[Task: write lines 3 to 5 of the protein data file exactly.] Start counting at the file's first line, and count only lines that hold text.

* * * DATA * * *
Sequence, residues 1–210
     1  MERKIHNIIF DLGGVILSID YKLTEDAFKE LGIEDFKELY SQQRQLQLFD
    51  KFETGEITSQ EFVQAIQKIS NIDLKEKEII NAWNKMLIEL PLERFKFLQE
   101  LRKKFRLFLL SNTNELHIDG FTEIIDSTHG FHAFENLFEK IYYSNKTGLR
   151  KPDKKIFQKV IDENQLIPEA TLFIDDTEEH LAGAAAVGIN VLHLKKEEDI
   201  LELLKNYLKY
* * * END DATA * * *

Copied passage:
    51  KFETGEITSQ EFVQAIQKIS NIDLKEKEII NAWNKMLIEL PLERFKFLQE
   101  LRKKFRLFLL SNTNELHIDG FTEIIDSTHG FHAFENLFEK IYYSNKTGLR
   151  KPDKKIFQKV IDENQLIPEA TLFIDDTEEH LAGAAAVGIN VLHLKKEEDI